Crashes, half-implemented features, and a general lack of polish on UI changes; unexpected hardware issues, broken external monitor support and runaway resource-hungry processes are all scenarios that Chrome OS Canary can throw up.

Sounds like a nightmare. If, despite the potential for headaches, you do want to enable Canary mode you can. The awesome Kenny Strawn has detailed the entire switching process on his blog – from enabling developer mode to accessing the command-line prompt needed to issue the update edict.

But be warned: this is not a procedure to be carried out by the curious or inexperienced and there is no easy way to revert back to a stable build after updating.

Story courtesy of OMGChrome

‘Ok Google’ Voice Search Arrives in Chrome OS Dev Channel…

Your Chromebooks will soon get the magical “OK Google” voice command, just like the Android brotherhood.

So saying something like “Ok Google, find a bakery near me” will list suggestions for “find a bakery near me” – in this case just a normal Google Search.

OK Google

How to activate “OK Google” in a Chromebook

As mentioned above, be sure to be on the Chrome OS Dev channel.
Enable the experimental app launcher start page flag – chrome://flags/#enable-app-launcher-start-page.
Yes, Chromebooks (Chrome OS) now has the ability to initiate a search when you say “OK Google”.

Google has added a “voice recognizer plugin” to make this feature work offline too. So, even when you are offline, you can get things (that do not need a connection) done using this command.

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François Beaufort, of Google mentions this should just be the beginning. Right now you can only search, but eventually Google should optimize voice actions to work system-wide (much like with Android). Ideally, this will turn into a Google Now variant for the Chromebook. It will probably be able to perform actions like “Open Gmail”, “Open Google Play Music” and more.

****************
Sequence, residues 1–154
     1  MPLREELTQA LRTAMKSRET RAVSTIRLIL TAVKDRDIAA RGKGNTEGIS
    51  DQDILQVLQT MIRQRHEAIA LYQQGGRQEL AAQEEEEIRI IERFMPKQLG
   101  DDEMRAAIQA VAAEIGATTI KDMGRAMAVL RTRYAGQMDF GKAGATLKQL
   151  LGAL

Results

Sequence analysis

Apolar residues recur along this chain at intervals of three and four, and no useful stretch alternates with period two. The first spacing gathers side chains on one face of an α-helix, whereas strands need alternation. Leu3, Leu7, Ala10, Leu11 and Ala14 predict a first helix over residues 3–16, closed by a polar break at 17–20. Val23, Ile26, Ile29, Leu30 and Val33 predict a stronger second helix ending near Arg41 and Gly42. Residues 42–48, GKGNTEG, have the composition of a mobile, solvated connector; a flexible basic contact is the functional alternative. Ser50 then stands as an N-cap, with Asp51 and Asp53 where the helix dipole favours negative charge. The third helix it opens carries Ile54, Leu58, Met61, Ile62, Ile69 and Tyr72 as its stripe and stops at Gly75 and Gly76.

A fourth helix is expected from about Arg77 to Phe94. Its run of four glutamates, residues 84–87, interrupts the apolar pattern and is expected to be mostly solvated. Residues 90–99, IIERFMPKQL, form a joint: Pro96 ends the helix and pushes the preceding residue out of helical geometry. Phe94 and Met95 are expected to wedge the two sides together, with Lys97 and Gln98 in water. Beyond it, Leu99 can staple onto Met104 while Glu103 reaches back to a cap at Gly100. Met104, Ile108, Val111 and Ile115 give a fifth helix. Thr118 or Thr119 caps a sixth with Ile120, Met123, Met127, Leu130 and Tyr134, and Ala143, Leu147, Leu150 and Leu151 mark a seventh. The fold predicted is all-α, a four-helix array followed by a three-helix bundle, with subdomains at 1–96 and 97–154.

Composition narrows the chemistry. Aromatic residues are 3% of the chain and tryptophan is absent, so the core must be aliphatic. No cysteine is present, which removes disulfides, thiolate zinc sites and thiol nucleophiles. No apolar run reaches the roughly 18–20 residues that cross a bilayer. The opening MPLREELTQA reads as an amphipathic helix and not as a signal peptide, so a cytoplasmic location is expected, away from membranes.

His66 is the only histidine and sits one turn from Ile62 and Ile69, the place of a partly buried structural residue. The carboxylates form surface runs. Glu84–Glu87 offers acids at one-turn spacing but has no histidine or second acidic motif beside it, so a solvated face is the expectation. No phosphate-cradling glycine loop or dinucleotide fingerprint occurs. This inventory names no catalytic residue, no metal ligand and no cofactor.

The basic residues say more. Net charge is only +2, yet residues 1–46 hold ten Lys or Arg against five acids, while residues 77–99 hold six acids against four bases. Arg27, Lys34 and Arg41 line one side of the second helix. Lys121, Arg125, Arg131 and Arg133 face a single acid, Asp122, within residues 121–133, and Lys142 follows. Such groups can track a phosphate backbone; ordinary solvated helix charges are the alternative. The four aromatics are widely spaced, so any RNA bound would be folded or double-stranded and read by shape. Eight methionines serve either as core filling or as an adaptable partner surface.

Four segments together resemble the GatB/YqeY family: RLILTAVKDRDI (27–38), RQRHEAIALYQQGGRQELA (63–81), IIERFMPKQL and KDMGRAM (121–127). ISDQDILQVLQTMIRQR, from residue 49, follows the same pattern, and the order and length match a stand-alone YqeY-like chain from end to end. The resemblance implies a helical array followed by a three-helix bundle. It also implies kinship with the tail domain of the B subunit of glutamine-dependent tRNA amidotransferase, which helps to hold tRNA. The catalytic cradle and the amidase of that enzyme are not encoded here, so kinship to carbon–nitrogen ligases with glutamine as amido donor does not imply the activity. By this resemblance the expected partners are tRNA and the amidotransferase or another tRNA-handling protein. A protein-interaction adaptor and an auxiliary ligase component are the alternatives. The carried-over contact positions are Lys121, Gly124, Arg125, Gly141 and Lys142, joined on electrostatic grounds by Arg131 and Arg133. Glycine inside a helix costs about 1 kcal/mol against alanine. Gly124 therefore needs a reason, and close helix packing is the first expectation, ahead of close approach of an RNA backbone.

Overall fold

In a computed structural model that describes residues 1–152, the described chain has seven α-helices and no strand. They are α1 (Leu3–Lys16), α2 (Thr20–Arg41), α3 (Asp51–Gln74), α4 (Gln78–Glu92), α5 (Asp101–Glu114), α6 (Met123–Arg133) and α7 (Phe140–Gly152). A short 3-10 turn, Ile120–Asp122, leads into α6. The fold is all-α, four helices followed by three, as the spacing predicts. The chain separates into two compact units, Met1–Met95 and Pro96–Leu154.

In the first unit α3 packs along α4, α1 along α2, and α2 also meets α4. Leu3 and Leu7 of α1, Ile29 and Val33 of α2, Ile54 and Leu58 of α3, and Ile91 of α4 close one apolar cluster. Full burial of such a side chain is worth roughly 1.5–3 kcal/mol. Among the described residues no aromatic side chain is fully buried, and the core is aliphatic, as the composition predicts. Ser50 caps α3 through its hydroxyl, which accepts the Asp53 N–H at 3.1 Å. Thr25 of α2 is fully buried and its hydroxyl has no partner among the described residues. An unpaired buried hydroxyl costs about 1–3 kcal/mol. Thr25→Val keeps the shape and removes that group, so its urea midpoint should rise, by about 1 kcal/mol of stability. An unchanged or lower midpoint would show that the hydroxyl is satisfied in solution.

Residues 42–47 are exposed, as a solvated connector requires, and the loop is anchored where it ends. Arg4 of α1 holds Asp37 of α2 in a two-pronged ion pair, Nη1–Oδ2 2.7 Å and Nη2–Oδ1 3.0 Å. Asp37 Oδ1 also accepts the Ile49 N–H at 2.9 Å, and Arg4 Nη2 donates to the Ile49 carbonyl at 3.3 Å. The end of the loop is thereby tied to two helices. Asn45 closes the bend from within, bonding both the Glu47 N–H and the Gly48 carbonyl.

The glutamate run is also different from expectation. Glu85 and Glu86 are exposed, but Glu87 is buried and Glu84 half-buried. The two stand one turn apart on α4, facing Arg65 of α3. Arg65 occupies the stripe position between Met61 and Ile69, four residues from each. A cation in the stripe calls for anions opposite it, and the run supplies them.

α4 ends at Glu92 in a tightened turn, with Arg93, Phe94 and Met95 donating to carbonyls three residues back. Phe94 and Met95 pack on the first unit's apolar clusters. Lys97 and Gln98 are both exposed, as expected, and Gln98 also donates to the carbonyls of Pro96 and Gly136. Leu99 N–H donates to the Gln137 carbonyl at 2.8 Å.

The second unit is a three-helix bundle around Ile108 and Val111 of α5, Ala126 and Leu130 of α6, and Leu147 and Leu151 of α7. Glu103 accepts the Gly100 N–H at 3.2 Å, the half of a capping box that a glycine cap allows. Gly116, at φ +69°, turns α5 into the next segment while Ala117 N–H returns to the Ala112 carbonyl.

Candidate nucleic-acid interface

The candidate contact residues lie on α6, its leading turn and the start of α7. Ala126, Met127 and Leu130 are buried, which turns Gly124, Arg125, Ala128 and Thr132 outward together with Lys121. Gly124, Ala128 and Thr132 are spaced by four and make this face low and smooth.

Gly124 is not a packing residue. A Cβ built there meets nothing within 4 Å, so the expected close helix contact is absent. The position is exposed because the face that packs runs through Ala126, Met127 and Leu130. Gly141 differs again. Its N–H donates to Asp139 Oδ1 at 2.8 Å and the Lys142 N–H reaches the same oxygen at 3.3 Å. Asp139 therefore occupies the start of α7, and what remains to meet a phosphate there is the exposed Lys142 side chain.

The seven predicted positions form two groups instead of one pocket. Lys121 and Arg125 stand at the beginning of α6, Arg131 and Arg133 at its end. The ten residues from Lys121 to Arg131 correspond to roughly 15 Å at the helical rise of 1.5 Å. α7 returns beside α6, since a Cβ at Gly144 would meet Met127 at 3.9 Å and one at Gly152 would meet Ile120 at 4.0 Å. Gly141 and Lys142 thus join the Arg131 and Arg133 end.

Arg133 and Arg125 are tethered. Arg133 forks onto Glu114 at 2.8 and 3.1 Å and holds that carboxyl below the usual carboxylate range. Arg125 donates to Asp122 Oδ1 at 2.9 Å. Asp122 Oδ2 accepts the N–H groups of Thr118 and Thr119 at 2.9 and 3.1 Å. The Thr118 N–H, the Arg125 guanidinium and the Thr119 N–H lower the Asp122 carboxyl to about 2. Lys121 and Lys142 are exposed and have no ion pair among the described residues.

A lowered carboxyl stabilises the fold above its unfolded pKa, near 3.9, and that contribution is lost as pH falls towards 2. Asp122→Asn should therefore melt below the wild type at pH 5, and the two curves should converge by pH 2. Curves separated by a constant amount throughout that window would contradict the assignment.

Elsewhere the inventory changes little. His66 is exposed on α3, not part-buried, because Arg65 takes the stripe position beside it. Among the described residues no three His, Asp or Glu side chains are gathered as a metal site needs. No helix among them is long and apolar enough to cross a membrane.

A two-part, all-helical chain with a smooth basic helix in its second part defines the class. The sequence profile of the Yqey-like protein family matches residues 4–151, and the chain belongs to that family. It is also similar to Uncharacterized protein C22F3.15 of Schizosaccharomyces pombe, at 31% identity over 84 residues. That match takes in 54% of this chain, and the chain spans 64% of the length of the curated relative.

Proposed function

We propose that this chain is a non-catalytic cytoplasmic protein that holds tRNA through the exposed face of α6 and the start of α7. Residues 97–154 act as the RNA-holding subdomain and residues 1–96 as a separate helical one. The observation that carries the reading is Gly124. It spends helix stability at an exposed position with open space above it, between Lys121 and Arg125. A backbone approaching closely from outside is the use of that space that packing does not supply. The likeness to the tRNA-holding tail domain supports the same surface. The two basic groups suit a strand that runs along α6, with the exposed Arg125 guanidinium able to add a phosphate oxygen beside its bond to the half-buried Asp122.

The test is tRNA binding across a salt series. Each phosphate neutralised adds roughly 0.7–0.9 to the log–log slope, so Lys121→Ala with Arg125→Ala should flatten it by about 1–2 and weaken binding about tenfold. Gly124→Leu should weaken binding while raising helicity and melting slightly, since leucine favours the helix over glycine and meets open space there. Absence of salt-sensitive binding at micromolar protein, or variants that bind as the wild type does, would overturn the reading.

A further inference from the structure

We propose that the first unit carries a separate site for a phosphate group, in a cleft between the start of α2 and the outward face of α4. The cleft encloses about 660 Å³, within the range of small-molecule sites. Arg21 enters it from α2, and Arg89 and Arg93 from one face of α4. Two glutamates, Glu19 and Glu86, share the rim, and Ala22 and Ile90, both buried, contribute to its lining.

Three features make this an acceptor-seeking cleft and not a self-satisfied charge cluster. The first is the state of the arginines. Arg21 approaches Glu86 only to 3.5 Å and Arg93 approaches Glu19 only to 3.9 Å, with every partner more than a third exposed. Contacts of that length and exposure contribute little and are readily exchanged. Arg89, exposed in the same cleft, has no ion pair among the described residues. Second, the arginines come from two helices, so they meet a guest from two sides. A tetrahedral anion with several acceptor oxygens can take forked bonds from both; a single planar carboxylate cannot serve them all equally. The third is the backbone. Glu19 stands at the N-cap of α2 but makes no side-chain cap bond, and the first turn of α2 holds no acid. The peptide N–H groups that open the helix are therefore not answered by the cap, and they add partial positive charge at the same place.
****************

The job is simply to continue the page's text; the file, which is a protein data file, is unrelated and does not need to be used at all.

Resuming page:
Possibilities are limitless François says. This feature is just in its early stages, so we will soon see pretty useful things coming our way.

You can imagine the potential with this type of feature.

With the Google website already supporting more complex voice searches and Google Now features slowly creeping into Chrome itself, it’s only a matter of time before “Ok Google” becomes the fastest – and best – way to search on your Chromebook.

[Sneak Peek] The Google+ Photo App for Chrome OS

We take a sneak peek at the new Google+ Photos app now shipping with the Chromebook Pixel and soon to be available for the rest of the Chromebook family.

The main reason people should buy a Chromebook? Google+ integration. And as time goes on, we’ll be seeing more and more of packaged apps such as Google+ Photos which will make Chromebooks a Plusser’s dream.

More on this article…

http://gplus.to/tquintana   @tquintana

Google Cloud Messaging Comes to Chrome and Chrome OS, Brings Push Notifications

chrome news  Google Cloud Messaging Comes to Chrome and Chrome OS, Brings Push Notifications

Here is another Chrome and Chrome OS news that has Google IO written all over it. Google is bringing the Google Cloud Messaging. This was an Android only feature so far. With its introduction, Chrome apps will be able to use push notifications.

Excerpts from the blog post.

Event pages keep apps and extensions efficient by allowing them to respond to a variety of events such as timers or navigation to a particular site, without having to remain running persistently. But what if you need to respond to something that occurs outside of Chrome, such as a news alert, a message sent to a user or a stock hitting a price threshold? Until now, you had to do this by repeatedly polling a server. This process consumed bandwidth and reduced the battery life of your users’ machines. For a more efficient solution, starting today you can use Google Cloud Messaging for Chrome (GCM) – across all channels of Chrome.